Quantitative characterization of nanoparticle agglomeration within biological media

Nicole Hondow, Rik Brydson, Peiyi Wang, Mark D. Holton, M. Rowan Brown, Paul Rees, Huw D. Summers, Andy Brown

Research output: Contribution to journalArticlepeer-review

76 Scopus citations


Quantitative analysis of nanoparticle dispersion state within biological media is essential to understanding cellular uptake and the roles of diffusion, sedimentation, and endocytosis in determining nanoparticle dose. The dispersion of polymer-coated CdTe/ZnS quantum dots in water and cell growth medium with and without fetal bovine serum was analyzed by transmission electron microscopy (TEM) and dynamic light scattering (DLS) techniques. Characterization by TEM of samples prepared by plunge freezing the blotted solutions into liquid ethane was sensitive to the dispersion state of the quantum dots and enabled measurement of agglomerate size distributions even in the presence of serum proteins where DLS failed. In addition, TEM showed a reduced packing fraction of quantum dots per agglomerate when dispersed in biological media and serum compared to just water, highlighting the effect of interactions between the media, serum proteins, and the quantum dots. The identification of a heterogeneous distribution of quantum dots and quantum dot agglomerates in cell growth medium and serum by TEM will enable correlation with the previously reported optical metrology of in vitro cellular uptake of this quantum dot dispersion. In this paper, we present a comparative study of TEM and DLS and show that plunge-freeze TEM provides a robust assessment of nanoparticle agglomeration state.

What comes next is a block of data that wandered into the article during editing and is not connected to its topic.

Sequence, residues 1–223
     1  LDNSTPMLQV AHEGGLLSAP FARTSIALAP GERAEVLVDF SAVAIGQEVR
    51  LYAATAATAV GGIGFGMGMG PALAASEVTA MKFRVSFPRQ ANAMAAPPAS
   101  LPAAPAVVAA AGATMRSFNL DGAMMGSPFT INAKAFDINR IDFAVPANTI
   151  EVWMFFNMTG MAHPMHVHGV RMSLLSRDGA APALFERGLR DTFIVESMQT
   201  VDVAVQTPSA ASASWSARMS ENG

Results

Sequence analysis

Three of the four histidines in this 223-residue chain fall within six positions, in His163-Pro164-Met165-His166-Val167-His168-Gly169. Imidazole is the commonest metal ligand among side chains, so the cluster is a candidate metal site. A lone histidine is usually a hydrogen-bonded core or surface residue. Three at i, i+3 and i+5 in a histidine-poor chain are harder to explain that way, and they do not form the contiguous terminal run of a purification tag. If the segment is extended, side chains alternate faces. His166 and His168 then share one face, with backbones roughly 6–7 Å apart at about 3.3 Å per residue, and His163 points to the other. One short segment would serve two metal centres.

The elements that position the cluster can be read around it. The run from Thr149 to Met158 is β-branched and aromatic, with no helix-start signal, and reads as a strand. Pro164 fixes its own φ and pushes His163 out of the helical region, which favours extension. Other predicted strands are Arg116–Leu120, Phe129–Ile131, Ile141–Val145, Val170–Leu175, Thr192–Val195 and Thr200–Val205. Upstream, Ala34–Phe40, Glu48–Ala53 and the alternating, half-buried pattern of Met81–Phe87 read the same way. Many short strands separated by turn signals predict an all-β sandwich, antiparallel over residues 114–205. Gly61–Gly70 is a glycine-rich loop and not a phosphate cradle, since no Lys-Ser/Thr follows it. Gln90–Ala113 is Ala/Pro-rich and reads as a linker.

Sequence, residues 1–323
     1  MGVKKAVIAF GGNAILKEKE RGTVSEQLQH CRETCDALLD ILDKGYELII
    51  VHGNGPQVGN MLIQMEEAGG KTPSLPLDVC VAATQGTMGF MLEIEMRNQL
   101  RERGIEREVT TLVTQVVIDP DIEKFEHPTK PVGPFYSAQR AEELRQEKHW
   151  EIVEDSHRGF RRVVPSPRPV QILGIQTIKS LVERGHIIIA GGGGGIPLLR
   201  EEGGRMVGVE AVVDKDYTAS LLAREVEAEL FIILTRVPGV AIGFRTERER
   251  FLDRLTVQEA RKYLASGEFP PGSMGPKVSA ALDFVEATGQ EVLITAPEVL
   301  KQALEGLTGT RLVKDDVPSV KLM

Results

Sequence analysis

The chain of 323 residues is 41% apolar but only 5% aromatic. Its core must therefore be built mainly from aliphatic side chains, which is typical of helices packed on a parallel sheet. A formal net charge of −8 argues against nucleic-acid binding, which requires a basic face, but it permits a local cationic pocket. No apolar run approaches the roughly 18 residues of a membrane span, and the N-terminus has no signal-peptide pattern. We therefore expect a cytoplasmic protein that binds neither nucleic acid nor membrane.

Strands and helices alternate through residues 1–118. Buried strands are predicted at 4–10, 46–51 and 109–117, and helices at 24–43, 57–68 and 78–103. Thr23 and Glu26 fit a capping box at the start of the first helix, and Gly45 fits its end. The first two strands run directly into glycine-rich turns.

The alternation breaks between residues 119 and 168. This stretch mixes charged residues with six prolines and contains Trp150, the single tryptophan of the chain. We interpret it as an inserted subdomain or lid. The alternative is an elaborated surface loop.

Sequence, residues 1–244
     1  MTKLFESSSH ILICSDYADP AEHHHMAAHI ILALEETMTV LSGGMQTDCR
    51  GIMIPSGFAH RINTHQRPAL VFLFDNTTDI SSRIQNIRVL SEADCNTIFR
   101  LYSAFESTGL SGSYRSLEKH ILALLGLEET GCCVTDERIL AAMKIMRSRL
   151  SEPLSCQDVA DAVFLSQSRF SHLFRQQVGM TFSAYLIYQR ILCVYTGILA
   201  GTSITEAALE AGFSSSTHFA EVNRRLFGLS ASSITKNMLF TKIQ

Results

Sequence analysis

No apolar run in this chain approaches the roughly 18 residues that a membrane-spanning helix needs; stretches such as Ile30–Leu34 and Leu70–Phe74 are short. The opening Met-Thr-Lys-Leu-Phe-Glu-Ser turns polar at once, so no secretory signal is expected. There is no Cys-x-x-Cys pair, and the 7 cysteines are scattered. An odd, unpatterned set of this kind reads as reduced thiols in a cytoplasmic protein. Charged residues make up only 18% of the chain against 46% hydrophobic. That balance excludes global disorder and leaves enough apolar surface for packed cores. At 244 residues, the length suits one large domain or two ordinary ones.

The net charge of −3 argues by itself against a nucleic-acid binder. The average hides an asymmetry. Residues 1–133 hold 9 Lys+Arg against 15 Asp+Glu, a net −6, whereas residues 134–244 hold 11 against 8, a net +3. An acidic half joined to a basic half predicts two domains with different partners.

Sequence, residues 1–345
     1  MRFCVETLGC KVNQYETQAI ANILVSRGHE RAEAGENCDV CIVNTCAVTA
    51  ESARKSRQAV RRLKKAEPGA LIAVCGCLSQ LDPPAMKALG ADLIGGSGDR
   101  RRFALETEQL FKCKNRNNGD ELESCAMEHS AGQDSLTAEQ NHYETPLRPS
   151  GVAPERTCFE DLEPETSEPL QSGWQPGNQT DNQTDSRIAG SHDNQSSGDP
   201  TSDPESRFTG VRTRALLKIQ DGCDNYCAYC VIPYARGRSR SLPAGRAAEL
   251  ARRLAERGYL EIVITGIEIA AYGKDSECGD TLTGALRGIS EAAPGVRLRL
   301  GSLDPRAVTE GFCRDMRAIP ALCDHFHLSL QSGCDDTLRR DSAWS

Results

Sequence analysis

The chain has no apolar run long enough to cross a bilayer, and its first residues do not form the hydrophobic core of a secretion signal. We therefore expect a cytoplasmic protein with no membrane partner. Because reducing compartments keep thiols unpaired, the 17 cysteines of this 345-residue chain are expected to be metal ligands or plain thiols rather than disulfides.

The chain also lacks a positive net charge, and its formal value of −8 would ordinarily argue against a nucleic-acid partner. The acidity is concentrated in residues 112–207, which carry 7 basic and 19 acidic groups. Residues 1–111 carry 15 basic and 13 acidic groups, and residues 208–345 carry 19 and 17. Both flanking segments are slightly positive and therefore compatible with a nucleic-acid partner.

Original languageEnglish (US)
Article number977
JournalJournal of Nanoparticle Research
Issue number7
StatePublished - Jul 2012


  • Dispersion
  • Environmental and health effects
  • Image analysis
  • Nanomedicine
  • Nanoparticle
  • Plunge freeze
  • Transmission electron microscopy

ASJC Scopus subject areas

  • Atomic and Molecular Physics, and Optics
  • Condensed Matter Physics
  • Modeling and Simulation
  • Chemistry(all)
  • Materials Science(all)
  • Bioengineering


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